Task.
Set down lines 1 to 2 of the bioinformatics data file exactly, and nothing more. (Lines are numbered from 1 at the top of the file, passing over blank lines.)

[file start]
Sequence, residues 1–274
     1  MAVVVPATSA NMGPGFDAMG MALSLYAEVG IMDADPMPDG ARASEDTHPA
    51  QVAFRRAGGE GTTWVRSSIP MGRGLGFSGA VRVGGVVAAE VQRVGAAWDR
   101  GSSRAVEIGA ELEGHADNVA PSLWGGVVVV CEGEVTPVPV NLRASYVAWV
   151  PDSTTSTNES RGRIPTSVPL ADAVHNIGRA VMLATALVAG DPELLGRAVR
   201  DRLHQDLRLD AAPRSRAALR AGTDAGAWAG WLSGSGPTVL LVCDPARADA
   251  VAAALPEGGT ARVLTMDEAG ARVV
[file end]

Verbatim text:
Sequence, residues 1–274
     1  MAVVVPATSA NMGPGFDAMG MALSLYAEVG IMDADPMPDG ARASEDTHPA